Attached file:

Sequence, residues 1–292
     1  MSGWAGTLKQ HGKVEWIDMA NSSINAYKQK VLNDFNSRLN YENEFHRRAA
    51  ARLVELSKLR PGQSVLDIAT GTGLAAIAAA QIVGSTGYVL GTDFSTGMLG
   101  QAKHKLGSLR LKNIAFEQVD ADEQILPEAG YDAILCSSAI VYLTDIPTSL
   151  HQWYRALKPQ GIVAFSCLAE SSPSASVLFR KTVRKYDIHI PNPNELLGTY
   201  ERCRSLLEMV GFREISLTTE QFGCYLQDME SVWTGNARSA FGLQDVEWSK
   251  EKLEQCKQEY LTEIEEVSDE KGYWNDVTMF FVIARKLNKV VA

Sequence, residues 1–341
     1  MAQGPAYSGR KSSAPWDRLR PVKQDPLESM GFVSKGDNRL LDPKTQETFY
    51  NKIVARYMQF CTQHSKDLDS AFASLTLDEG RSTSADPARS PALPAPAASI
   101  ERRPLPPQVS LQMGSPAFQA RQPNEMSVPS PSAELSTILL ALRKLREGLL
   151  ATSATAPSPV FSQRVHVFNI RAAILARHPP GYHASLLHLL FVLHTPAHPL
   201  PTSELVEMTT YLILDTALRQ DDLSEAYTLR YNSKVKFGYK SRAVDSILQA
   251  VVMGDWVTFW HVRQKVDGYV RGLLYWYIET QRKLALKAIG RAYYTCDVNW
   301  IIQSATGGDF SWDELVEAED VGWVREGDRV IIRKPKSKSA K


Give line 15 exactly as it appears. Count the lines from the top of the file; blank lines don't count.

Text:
   301  IIQSATGGDF SWDELVEAED VGWVREGDRV IIRKPKSKSA K